Now, you’re probably thinking: But that can’t be true! I’ve done it before!
I’ve thought that too.
And every time I’ve checked to discover what I actually did, I’ve found that the old habit was replaced with something new.
You see, it’s not only physical actions that we turn into habits. We also build habits from our thoughts and emotional responses.
When we replace a bad habit with a new thinking habit, it can seem like we’ve simply stopped doing it. In reality, the new habit is the new thought process.
It is usually more difficult to replace a physical bad habit with a new habit that is composed entirely of thought.
If at all possible, always try to replace a physical bad habit with some kind of physical good habit, even if it’s just taking a deep breath.
How To Break A Bad Habit Step-by-Step
1. Model The Bad Habit
The very first step in overcoming any bad habit is modelling exactly when, where, and how you are doing it.
Take the time to work out exactly what you are doing immediately before you do the bad habit. This will lead you towards identifying their trigger events.
Identify any reasons you’re using to justify the habit to yourself. And then find a way to reframe them.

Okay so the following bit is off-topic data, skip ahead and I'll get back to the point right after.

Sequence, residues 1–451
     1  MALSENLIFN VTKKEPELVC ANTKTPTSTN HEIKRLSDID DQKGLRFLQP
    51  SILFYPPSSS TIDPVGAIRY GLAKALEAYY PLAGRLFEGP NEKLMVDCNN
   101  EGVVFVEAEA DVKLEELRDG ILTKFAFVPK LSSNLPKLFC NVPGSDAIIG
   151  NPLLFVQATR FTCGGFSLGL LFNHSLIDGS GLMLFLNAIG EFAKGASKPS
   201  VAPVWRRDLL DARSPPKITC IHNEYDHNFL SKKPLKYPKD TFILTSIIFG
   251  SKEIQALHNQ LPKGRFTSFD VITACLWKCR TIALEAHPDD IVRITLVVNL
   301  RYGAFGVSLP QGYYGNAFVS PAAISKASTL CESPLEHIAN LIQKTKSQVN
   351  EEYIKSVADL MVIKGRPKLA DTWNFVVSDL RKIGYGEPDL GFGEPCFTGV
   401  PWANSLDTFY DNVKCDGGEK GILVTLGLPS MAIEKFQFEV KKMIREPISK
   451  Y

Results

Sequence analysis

It doesn’t matter too much if you initially miss some since it is usually necessary to repeat several times over the course of at least a month. Which means that you can add any new triggers and reasons to your model as you work through the process.
2. Choose Something Else To Do In Place Of The Bad Habit
It’s generally not possible to simply stop a bad habit, so choose something else to do instead of it.
For example, if your bad habit is biting your nails, you might replace it with pausing, closing your eyes, and taking a slow, deep breath.
Whatever you choose as your replacement habit, be sure to choose something that you can do in every place where you currently do your bad habit.
3. Visualize Doing The New Habit
Close your eyes and imagine each situation where that bad habit has happened in the past. See yourself doing the new habit in place of the old.
This activity starts to build new associations inside the brain.
Ultimately, we want to get to a place where the trigger event causes the new habit to fire automatically.
4. Act Out Physical New Habits
Physical habits may be encoded much more quickly and easily by acting them out.